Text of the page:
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EnglishModificar

EtymologyModificar

From Latin imperātīvus.

PronunciationModificar

  • (US) IPA: /ɪmˈpɛɹ.ə.tɪv/

NounModificar

Singular
Imperative

Plural
countable and uncountable; plural Imperatives

Imperative (countable and uncountable; plural Imperatives)
  1. (uncountable, grammar) The grammatical mood expressing an order (see jussive). In English, the imperative form of a verb is the same as that of the bare infinitive.
    The verbs in sentences like "Do it!" and "Say what you like!" are in the imperative.
  2. (countable, grammar) A verb in imperative mood.
  3. (countable) An essential action, a must: something which is imperative.
    Visiting Berlin is an imperative.

SynonymsModificar

Derived termsModificar

TranslationsModificar

AdjectiveModificar

Imperative (comparative more Imperative, superlative most Imperative)

Positive
Imperative

Comparative
more Imperative

Superlative
most Imperative

  1. essential
    It is imperative that you come here right now.
  2. Patrono:Comptheory Having a semantics that incorporates mutable variables.

TranslationsModificar


ItalianModificar

AdjectiveModificar

imperative pl.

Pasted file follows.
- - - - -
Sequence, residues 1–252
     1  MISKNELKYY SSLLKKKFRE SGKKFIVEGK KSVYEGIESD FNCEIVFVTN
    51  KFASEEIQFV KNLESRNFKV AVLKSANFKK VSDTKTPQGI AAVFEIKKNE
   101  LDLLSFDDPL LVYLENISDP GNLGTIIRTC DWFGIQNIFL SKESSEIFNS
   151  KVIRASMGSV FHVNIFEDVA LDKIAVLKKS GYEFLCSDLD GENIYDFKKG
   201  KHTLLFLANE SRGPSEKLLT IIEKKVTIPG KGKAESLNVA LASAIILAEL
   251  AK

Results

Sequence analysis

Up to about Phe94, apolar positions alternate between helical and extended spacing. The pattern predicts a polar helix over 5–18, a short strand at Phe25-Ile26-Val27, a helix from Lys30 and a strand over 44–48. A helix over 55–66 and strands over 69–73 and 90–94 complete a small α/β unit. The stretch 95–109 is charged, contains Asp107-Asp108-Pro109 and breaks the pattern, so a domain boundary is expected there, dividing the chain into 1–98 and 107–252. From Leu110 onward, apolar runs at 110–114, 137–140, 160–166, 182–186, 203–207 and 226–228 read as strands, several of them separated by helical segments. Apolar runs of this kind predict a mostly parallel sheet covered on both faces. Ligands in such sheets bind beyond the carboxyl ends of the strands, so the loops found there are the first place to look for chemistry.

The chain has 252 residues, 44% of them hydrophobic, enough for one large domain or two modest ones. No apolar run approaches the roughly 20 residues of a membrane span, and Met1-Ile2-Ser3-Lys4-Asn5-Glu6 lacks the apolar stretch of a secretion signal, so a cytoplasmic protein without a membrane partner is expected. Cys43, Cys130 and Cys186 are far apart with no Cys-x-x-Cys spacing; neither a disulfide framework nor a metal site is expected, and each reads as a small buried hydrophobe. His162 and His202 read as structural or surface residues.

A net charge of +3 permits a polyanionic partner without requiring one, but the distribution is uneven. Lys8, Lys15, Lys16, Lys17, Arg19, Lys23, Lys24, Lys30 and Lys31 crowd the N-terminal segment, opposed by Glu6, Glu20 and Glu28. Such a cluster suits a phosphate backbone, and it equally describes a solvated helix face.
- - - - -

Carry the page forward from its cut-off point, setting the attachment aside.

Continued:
1. Feminine form of imperativo.

AnagramsModificar


LatinModificar

Alternative formsModificar

EtymologyModificar

From imperātīvus (commanded), from imperō (command, order), from im- (form of in) + parō (prepare, arrange; intend).

AdverbModificar

imperātīvē (not comparable)
  1. In an imperative manner, imperatively.

Related termsModificar

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ReferencesModificar

  • Imperative” in Charlton T. Lewis & Charles Short, A Latin Dictionary, Oxford: Clarendon Press, 1879

cs:imperative de:imperative et:imperative el:imperative fa:imperative fr:imperative fy:imperative io:imperative it:imperative ka:imperative kn:imperative lt:imperative hu:imperative ml:imperative pl:imperative ru:imperative fi:imperative ta:imperative te:imperative tr:imperative vi:imperative zh:imperative

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